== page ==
Judgment

The difference between a judgment and a discernment is really quite simple. A discernment is something I see dispassionately and clearly without any emotional charge. I may or may not be correct in what I see, but I am able to hold it very lightly. There is a quality of detached curiosity to my discernment.

Judgment, on the other hand always has an associated charge or trigger. If I have a judgment, it is highly probable that my defenses have kicked in and that I have a strong feeling in my body.

Judgment is toxic to connection. A simple example that most parents go through is asking a teenager how his or her day went. If you get a response of “OK” or “Fine”, it probably means that your child is expecting a judgment from you and has already decided that it is safer to brush you off than to answer honestly.

When my daughter was about 15, she was a bit of a hellion. I tried to reach her and have a serious conversation with her, but it was like pounding my head against a brick wall. The wall always won. So I decided to try something different. I told her that I wanted to do an experiment. I promised not to judge anything she said, but to simply hear it. She gave me a wry smile and said, “Careful what you ask for, Dad.”

Over the next couple weeks, she tested me by telling me all about her life. I heard about sex, drugs, alcohol and more. As I listened to her, I felt like I had swallowed a box of lit cherry bombs; but I said nothing. Eventually, she softened her disclosures to what was real for her that day. She stopped trying to trigger me because I wasn’t taking the bait. Ultimately, this had a transformative impact on our relationship. It wasn’t perfect, but then neither was (or am) I; but we do have an excellent relationship now. She has grown up to be an amazing young woman.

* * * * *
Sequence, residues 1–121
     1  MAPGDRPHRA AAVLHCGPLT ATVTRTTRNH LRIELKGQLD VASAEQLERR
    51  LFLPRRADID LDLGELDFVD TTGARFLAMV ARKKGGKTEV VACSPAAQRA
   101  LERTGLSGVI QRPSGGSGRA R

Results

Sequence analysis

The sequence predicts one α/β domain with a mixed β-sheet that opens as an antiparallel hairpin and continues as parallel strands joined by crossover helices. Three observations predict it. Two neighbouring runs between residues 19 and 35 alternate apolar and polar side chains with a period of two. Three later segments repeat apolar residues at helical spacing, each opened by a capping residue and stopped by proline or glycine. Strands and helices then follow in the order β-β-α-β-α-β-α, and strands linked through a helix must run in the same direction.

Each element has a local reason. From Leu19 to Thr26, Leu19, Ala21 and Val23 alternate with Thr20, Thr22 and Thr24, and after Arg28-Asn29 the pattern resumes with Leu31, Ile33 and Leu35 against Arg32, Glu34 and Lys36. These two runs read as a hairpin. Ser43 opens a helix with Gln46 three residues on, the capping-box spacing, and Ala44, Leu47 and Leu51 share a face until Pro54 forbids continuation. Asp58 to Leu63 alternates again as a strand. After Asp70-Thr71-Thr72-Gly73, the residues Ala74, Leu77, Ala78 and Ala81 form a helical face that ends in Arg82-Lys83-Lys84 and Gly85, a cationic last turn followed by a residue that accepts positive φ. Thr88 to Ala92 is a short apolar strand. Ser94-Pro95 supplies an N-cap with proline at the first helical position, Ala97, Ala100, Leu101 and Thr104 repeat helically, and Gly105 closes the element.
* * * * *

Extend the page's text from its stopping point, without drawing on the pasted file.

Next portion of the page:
Judgment and discernment can be tricky. I often believe that I see defensiveness in my wife’s behavior; however, if I say that I think she is being defensive, she hears that I am judging her. The irony of this is that we are both right. She is being defensive and I am judging her.

Navigating this dilemma is a challenge. I must be aware of my own charge when I encounter her defenses and be able to let go of that charge rather than presenting her with my judgments. And this brings up what I am trying to adopt as a mantra:

If I am triggered, it’s my stuff.

And its’ corollary:

If you are triggered, it’s your stuff.

 

Bob Jones

I live in two worlds: my head and my heart. My head world involves computer programming while my heart world lives in connecting deeply with people all over the world and in teaching people to connect more deeply and authentically.

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